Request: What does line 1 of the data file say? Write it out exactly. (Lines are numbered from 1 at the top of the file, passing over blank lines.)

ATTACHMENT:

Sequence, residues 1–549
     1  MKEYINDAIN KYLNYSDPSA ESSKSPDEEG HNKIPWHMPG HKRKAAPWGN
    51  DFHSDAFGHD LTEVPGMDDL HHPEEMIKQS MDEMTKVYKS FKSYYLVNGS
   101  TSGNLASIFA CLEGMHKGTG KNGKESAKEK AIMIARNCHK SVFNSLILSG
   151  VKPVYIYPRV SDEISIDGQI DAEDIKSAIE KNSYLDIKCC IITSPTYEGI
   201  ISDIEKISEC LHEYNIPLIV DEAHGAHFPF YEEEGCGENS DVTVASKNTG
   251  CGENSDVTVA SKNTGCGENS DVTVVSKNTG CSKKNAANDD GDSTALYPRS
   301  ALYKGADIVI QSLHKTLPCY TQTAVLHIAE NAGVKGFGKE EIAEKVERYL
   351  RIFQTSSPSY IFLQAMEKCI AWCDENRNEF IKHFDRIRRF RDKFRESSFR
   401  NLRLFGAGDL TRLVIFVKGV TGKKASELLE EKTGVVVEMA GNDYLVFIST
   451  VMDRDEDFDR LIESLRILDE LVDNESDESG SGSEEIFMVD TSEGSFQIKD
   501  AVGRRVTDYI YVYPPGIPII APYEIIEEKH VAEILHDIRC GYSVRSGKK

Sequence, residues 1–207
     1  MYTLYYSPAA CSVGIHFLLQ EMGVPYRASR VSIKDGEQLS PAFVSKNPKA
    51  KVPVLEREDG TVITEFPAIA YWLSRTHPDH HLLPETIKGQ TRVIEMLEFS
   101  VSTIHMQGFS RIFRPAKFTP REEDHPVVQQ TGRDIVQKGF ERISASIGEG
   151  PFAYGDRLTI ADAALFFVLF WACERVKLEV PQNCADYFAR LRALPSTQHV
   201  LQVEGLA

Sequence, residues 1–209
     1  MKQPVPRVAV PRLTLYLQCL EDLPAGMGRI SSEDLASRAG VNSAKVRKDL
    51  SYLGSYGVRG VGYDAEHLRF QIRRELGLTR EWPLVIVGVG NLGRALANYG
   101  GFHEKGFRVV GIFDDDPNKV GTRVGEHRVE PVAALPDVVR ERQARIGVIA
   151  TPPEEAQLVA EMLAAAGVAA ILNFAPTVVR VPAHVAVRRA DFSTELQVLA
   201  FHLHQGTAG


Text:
Sequence, residues 1–549